A 10-year-old spayed female Doberman Pinscher dog with right forelimb lameness was referred to the Gyeongsang National University veterinary medical teaching hospital. The dog presented having chronic and intermittent right forelimb lameness over the previous 3 years. Abduction and extension of the right shoulder elicited a mild crepitation and painful reaction during physical examination. There were no remarkable findings on serum chemistry values or complete blood counts.
On survey shoulder radiographs, no specific findings were found in either shoulder (Fig. 1). On ultrasonography (Arietta 70; Hitach Aloka Medical, Japan), the patient was positioned in left lateral recumbency, with the right forelimb uppermost and the shoulder slightly flexed and externally rotated and a 12 MHz linear probe used to examine the tendons in transverse and longitudinal planes. Scapulohumeral joint ultrasonography found a well-defined linear-shaped bright echogenic mass accompanied by reverberation artifacts and another small echogenic mass in the right biceps tendon near its origin at the supraglenoid tuberosity. These were considered to be biceps tendon calcification. However, small gas could not be excluded. In addition, we identified an irregularly shaped, hyperechoic mass accompanied by distal acoustic shadowing between the biceps tendon and the supraglenoid tuberosity. That was consistent with the osteoarthritic supraglenoid tuberosity. We also saw a small amount of anechoic fluid beneath the tendon (Fig. 2). Based on the ultrasonographic examination, the tentative diagnosis was biceps calcifying tendinopathy. However, the possibility of biceps tenosynovitis or tendinitis could not be ruled out because a histopathologic examination was not performed in this dog.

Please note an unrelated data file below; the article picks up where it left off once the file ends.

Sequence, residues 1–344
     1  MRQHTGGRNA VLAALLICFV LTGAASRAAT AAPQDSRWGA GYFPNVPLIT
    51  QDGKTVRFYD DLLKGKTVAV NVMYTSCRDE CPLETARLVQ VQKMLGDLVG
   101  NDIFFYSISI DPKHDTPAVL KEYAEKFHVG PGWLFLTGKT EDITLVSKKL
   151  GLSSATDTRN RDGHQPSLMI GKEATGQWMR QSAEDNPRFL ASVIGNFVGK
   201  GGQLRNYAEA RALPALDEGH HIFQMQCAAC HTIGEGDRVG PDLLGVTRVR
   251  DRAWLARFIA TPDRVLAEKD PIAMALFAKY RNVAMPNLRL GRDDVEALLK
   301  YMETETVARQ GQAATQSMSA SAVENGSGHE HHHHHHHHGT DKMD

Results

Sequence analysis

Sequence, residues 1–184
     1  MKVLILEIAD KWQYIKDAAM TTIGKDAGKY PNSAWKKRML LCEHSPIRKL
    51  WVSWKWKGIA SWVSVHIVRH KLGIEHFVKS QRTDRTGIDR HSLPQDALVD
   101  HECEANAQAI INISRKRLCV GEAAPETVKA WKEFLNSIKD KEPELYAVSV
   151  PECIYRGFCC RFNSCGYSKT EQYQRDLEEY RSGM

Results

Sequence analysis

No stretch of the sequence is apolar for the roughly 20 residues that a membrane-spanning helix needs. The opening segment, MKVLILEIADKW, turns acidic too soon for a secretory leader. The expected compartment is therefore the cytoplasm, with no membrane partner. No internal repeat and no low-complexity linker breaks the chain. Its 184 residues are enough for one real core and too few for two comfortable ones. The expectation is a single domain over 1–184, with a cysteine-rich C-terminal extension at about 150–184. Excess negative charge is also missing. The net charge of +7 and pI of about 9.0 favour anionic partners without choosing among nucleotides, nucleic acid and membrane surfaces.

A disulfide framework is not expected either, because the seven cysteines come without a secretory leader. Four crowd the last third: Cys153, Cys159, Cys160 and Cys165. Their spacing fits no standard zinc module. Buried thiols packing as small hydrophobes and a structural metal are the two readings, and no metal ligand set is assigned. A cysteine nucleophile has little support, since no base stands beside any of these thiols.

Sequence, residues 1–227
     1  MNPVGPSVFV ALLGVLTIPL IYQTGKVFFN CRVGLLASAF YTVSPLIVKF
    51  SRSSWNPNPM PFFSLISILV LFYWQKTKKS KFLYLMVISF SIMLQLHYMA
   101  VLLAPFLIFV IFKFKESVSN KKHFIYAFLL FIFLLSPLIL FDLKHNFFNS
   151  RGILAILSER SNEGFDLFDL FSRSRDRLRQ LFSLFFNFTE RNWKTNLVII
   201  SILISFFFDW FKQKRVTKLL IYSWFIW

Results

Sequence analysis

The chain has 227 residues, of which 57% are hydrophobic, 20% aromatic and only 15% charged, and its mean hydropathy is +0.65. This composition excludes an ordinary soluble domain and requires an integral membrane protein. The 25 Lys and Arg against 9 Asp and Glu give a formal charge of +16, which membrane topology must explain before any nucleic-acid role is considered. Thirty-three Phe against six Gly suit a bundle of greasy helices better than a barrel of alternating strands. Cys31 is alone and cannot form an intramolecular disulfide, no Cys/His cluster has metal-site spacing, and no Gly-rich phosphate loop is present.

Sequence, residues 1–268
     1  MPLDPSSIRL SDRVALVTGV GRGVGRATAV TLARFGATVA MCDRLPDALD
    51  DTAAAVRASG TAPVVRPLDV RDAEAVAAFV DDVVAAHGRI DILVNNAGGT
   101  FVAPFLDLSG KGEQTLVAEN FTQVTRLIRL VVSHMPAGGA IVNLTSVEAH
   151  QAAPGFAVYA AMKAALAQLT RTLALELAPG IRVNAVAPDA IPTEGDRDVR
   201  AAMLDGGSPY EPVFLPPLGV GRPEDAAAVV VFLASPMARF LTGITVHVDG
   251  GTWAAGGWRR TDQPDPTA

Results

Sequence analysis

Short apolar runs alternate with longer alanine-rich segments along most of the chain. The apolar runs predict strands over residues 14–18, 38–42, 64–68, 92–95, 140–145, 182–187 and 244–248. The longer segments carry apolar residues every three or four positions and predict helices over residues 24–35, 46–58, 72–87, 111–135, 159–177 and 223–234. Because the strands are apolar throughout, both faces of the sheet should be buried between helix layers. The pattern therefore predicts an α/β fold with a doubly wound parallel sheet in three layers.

The dog received nonsteroidal anti-inflammatory drug (carprofen 4.4 mg/kg single in day, per oral) for 14 days. Additionally, a behavioral restriction was implemented for 6 weeks. Clinical signs of right shoulder problems such as pain and lameness gradually improved. Ten months later, the dog expired, and this was presumed to be because of an underlying dilated cardiomyopathy.
Calcifying tendinopathy is known to occur idiopathically in horses and humans, and is rare in dogs, mainly found in large and medium-sized dogs especially in Rottweilers and Retrievers [6,10]. In this case, the dog was Doberman Pinscher, which is large breed of dog.
One study shows that the prevalence of calcifying tendinopathy in the scapulohumeral joint in dogs is 7%, and such dogs present as being either chronically or intermittently lame, or asymptomatic [6]. Bicipital tenosynovitis and tendon calcification in dogs are not always associated but may be connected from the standpoint of pathological processes [9]. In humans, although the etiology and pathogenesis of calcifying tendinopathy are not clear, it may be that tendon trauma or rupture can reduce the blood supply and cause hypoxia [11].
In dogs, radiographic imaging in the contralateral limb is useful for direct comparison, and the cranioproximal-craniodistal view of the shoulder helps to verify brachii tendon calcification [12]. Calcifications overlying the craniomedial aspect of the approximate position of the humerus can been seen on radiography [4]. In this case, only the lateral and caudocranial views were available, and no specific radiographic findings were identified.